Since the start of 2023, we have seen an uptick in the number of new matters and inquiries regarding debts, insolvency, enforcement of securities and distressed assets due to increased pressure on the financial position of the counterparties.
Many of those matters arise from a combination of increasing interest rates, ATO enforcement action and general uncertainty in the markets. Disruption in the supply of goods and services, inability to meet terms of trade, long outstanding debt, increased insolvency risk and uncertainty in the securities markets are all impacting the positioning between counterparties.
This appears to be affecting organisations both big and small, but of course larger organisations are more likely to have the resources and leverage to withstand the headwinds.
There are a number of practical measures that organisations can take in these circumstances, regardless of whether they fall on the potential plaintiff or potential defendant side of things.
- review your terms and conditions (T&Cs) of trade – are they in writing and clear in the requirements, particularly around key obligations such as what goods or services are being supplied, the terms of payment, terms of credit, interest and enforceability
- consider what security you have in place, including mortgages, PPSR registered security interests and director guarantees. There are strict rules around drafting, execution and registration which must be complied with
- review and prioritise your outstanding debtors and get on the phone early – delay is the enemy of collectability. Understand where your profit lies and prioritise it. Consider making deals to maintain cashflows. While litigation is an option, alternative dispute resolution processes such as negotiation and mediation should be considered early
- obtain advice about what steps can be taken to recover debts, including letters of demand, statutory demands under the Corporations Act (which were largely dormant during COVID, but are now coming out of the woodwork), enforcement of securities and commencing court proceedings if required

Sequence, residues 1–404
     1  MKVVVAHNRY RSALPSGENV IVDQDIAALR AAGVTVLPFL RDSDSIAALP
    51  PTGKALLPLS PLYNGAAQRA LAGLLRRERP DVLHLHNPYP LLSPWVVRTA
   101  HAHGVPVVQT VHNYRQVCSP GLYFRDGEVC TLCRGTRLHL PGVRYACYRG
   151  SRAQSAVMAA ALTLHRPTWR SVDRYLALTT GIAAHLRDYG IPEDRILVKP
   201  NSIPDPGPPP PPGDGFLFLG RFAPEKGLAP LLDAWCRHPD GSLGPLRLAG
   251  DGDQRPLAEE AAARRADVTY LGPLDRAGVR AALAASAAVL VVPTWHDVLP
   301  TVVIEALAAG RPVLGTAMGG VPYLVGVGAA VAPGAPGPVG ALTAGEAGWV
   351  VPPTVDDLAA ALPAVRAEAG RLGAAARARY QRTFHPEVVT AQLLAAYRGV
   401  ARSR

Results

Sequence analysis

- if a customer or client is insolvent, again take some advice about what options may be available or how best to deal with the insolvency practitioner. For example, we are seeing more steps being taken by liquidators to review and take action on voidable transactions such as unfair preferences, uncommercial transactions and unreasonable director-related transactions.
For debtors and guarantors:
- take advice about rights and obligations under the relevant contracts and security agreements which relate to the claim. There are often unexpected arguments which arise around enforceability
- engage in early discussions with suppliers around the terms of trade, time for payment and extension of time. Leaving things lingering will likely exacerbate the issues and reduce the chances of an early resolution
- if the ability to pay debts or claimed amounts is a concern, take some early advice about the organisation’s solvency position and potential options to deal with it. Early engagement and an independent business review may reveal solutions and other available options, such as the safe harbour protections for directors which were introduced in 2017 amendments to the Corporations Act.
This list is, of course, not exhaustive and each case will be different. The main point is that it is best to engage with these types of commercial issues at an early opportunity to minimise the potential impact for your organisation.
If you have any questions about this article or how you can balance the litigation risks for your business, please contact a member of our Dispute Resolution & Litigation team below.
The information in this article is of a general nature and is not intended to address the circumstances of any particular individual or entity. Although we endeavour to provide accurate and timely information, we do not guarantee that the information in this article is accurate at the date it is received or that it will continue to be accurate in the future.